decision to integrate the Index as one of its ocean and coastal
decision-support tools. This has been three years in the making: countless
meetings, discussions with government officials, hours of gathering data and
information, reaching out to key stakeholders, and facilitating technical
trainings. Colombia just took another important step in organizing its
actions around ocean health. In early September, under the leadership of the
Colombian Commission for the Oceans (CCO) and with the collaboration of
Conservation International, Colombia facilitated a two-day multi-stakeholder
process to develop a national independent
Ocean Health Index assessment (OHI+). This workshop also
served as a forum for government institutions to work towards a healthy blue
economy, a priority established by
Colombia’s Ministry of the Environment
and Sustainable Development. One of the workshop’s
objectives was to establish, through thematic
groups, a broad matrix that defines the indicators needed to calculate the
Colombian Ocean Health Index. When completed, the results will allow
scientists, managers, politicians, and the public to better understand,
monitor, and communicate the status of local marine ecosystems, as well as the
human activities that depend on them. In Colombia, the National Administrative
Department for Statistics (DANE) is leading the effort to design, build, and
interpret ocean-related data. Throughout the workshop DANE representatives
emphasized the importance of the National Statistics System, an indispensable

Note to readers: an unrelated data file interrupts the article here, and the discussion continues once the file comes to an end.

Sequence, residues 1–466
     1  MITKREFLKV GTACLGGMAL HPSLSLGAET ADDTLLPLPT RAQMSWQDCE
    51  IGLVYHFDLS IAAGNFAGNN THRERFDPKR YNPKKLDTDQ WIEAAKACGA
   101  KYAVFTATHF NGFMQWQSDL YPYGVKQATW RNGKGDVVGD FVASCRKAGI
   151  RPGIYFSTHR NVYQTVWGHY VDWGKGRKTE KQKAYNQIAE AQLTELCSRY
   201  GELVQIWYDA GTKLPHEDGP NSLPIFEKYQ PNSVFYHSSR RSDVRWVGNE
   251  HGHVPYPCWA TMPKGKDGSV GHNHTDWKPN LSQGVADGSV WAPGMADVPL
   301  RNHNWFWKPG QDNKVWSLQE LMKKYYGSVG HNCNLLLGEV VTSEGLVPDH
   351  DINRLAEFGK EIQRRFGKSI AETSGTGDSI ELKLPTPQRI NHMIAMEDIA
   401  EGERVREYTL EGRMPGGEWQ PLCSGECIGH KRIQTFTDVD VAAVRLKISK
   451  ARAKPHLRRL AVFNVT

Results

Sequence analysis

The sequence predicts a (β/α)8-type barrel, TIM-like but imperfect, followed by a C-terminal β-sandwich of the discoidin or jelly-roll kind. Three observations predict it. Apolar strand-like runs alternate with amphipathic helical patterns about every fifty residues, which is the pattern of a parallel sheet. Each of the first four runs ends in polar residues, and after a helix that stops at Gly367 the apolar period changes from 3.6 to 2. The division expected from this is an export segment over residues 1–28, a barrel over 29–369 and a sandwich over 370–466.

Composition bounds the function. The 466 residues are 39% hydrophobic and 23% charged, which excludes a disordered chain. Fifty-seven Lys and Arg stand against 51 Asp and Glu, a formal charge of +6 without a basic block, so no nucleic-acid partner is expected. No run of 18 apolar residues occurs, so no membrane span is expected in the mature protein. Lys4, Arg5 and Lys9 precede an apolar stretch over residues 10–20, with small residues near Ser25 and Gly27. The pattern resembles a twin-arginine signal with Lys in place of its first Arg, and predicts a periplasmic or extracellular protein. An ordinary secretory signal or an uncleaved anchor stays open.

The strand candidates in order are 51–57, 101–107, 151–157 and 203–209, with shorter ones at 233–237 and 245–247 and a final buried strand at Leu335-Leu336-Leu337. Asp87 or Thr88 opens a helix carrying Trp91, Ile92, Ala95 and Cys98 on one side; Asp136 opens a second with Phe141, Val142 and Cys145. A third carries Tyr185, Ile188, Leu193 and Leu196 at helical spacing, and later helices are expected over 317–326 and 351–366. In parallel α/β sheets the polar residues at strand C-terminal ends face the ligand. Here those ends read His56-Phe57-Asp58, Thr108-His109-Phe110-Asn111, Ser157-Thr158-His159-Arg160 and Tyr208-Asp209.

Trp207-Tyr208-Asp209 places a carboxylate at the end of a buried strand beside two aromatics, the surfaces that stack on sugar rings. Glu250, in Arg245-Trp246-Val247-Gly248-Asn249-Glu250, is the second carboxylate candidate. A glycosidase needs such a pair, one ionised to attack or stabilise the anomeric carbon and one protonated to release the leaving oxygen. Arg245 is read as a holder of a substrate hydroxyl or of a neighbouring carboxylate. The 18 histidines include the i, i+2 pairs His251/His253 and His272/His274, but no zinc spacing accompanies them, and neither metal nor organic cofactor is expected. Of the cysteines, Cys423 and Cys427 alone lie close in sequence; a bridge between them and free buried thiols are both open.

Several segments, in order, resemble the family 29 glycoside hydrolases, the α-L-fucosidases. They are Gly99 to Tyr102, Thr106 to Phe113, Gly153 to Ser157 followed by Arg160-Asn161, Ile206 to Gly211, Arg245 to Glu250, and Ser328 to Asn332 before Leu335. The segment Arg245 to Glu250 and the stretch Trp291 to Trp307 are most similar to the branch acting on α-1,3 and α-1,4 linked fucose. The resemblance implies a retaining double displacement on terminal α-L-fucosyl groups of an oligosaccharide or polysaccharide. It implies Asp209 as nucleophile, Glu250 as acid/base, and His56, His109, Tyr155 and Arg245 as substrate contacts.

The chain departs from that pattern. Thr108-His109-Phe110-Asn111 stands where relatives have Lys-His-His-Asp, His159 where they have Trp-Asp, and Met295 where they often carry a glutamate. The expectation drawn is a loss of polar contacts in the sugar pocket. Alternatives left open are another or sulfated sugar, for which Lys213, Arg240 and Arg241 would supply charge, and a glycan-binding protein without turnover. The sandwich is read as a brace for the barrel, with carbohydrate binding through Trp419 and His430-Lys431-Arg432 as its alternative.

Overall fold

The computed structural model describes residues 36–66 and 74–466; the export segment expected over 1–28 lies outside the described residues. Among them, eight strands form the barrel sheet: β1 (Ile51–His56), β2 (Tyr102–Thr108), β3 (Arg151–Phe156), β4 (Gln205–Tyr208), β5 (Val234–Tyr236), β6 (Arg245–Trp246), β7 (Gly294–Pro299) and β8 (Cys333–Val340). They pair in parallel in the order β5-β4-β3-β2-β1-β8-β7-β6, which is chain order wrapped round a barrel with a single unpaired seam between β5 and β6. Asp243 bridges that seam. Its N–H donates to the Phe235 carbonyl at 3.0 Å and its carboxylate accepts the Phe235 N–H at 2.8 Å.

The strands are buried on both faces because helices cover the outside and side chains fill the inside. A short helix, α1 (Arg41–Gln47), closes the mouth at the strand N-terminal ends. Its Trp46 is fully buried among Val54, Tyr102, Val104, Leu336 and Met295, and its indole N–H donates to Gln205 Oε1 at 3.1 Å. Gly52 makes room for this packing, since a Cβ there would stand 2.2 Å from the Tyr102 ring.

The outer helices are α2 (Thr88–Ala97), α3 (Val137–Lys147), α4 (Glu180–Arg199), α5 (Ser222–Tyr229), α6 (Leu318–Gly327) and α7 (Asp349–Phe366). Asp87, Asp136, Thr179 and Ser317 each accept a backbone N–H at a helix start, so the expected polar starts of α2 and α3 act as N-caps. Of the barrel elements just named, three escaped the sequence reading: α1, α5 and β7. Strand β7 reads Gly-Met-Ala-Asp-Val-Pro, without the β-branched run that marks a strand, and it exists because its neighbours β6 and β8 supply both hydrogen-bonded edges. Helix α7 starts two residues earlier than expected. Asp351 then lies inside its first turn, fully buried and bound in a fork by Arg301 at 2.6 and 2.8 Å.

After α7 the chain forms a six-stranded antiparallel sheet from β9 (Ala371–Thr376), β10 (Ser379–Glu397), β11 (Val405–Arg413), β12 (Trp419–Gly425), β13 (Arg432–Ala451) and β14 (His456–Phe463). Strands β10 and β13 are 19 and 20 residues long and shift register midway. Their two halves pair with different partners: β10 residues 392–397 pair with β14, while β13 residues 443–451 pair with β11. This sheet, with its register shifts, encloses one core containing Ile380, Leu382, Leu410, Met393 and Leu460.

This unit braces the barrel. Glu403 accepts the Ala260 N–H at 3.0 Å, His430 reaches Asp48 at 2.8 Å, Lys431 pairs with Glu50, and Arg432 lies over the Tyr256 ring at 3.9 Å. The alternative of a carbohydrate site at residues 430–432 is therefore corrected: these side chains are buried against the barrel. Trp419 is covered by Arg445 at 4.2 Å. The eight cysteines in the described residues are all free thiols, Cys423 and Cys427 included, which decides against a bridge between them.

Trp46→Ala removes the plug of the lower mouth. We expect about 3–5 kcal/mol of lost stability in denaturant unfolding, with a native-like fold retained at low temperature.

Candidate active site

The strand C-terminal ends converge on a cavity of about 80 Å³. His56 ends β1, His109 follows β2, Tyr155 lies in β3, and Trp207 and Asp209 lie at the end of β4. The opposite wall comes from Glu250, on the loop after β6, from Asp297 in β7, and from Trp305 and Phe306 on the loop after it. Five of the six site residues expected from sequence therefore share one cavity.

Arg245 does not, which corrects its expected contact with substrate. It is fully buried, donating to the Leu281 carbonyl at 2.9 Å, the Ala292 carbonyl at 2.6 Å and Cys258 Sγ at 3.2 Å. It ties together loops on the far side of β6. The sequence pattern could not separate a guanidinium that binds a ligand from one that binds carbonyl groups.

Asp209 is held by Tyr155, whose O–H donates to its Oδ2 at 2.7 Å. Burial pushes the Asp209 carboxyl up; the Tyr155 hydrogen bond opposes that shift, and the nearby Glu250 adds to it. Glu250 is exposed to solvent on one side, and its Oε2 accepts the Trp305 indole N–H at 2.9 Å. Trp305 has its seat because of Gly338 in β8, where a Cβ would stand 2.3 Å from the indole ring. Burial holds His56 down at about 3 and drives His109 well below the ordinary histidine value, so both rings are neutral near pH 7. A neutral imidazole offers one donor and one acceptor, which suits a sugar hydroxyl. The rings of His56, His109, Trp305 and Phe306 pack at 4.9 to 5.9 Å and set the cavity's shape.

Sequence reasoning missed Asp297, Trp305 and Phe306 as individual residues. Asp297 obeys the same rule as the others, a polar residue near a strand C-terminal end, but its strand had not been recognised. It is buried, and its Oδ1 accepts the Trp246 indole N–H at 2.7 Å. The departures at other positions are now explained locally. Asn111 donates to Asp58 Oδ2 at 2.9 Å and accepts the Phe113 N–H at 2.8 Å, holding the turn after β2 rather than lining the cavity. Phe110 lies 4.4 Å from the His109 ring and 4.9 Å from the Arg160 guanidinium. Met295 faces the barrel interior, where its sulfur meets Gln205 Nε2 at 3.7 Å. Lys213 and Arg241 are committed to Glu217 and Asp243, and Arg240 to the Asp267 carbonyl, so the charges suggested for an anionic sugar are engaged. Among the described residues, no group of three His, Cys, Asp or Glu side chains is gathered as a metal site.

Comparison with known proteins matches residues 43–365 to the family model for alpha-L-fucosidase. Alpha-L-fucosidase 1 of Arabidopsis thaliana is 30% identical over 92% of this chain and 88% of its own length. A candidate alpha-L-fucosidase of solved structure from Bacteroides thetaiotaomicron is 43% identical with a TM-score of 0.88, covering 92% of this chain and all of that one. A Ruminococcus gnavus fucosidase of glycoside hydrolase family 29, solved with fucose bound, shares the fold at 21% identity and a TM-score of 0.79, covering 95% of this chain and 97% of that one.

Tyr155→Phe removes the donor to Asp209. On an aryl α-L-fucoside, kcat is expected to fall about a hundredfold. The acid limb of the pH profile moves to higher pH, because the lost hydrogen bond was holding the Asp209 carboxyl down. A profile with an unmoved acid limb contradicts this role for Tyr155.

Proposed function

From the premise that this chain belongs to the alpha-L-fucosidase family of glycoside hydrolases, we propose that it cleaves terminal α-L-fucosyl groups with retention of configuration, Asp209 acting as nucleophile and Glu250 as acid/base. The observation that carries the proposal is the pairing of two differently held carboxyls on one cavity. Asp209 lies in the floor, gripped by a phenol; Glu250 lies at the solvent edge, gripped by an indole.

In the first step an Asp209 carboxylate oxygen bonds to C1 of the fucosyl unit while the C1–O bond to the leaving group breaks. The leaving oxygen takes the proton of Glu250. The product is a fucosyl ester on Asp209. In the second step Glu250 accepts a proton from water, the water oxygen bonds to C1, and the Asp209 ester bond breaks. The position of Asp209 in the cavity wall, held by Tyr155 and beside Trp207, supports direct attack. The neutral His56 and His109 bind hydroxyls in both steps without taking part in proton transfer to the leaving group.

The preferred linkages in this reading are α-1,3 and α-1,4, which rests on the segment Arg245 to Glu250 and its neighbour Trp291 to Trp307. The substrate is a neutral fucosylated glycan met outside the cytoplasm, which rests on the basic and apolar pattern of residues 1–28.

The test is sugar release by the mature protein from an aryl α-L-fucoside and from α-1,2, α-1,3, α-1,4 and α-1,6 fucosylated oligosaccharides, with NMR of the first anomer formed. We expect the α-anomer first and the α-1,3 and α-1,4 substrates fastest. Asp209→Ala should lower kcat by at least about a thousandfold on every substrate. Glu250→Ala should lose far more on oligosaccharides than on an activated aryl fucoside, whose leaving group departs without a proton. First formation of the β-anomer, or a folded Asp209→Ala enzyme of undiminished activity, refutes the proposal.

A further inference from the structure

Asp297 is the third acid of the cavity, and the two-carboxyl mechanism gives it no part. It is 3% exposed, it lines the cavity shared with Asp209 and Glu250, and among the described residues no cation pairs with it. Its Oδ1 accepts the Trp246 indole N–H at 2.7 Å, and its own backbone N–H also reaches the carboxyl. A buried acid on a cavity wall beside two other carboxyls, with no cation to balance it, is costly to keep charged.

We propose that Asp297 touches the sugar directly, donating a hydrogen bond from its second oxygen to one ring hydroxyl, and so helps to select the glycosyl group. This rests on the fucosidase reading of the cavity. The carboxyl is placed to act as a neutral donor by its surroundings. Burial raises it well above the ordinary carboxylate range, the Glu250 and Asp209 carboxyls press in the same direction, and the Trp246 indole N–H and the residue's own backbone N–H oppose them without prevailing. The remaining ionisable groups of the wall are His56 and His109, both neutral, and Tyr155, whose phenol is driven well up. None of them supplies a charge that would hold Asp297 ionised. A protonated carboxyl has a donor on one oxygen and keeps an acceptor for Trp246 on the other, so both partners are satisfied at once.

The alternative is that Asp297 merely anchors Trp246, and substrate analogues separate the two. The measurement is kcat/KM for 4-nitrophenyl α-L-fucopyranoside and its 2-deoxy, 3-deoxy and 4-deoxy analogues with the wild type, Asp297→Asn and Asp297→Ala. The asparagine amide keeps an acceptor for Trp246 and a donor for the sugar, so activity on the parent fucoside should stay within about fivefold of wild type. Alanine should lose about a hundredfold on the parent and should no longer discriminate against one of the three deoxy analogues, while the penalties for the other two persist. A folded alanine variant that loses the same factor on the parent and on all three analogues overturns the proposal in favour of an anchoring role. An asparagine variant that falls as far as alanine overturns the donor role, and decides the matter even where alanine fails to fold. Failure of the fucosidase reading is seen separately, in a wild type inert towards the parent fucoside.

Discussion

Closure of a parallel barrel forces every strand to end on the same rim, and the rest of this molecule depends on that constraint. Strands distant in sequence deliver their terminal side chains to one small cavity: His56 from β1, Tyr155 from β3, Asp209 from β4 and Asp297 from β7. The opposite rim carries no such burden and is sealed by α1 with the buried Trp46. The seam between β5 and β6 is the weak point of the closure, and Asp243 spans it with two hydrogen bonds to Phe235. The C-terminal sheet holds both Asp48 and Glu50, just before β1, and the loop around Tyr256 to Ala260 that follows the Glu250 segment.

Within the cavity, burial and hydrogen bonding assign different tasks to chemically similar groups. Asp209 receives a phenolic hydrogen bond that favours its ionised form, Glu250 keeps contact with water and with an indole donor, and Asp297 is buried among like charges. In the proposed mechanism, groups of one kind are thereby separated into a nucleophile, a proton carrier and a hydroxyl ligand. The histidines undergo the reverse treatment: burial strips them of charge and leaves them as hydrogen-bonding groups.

tool for social and economic development of the country.
The CCO brought together representatives from all regions of the country (Atlantic, Pacific, and Islands regions), as well as the Ministry of Housing, Ministry of Health, Ministry of Environment and Sustainable Development, General Maritime Directorate, National Natural Parks, Colombian Observatory of Science and Technology, National Fund for Tourism, Unit of Mining and Energy Planning, National Ocean and Coastal Research Institute, and the National Authority of Fishing and Aquaculture.
Because improving ocean health is a process and not an action,
OHI is enabling Colombia to engage all the key stakeholders involved in ocean
and coastal management, strengthening the technical and managerial capacities
of key people, providing a well structured platform to organize information,
and facilitating a forum for diverse actors to articulate their various values
and perspectives to improve ocean and coastal governance.
Over the next few months, the CCO and DANE will be working together to finalize the methodological indicator information sheets, which will endow Colombia with a standardized set of indicators it can repeatedly use to assess the health of its oceans using the OHI framework. Key stakeholders will convene once again to collaboratively establish a set of comprehensive sustainable management targets (reference points), which will help determine the current status of all ten components relative to the desired optimal status. A technical team will then have the arduous task of synthesizing all these parameters to produce the country’s first OHI+ study, which will serve as a baseline for decision-making, identifying geographic and thematic priorities, and upon which stakeholders can assess the progress made through management interventions and policies.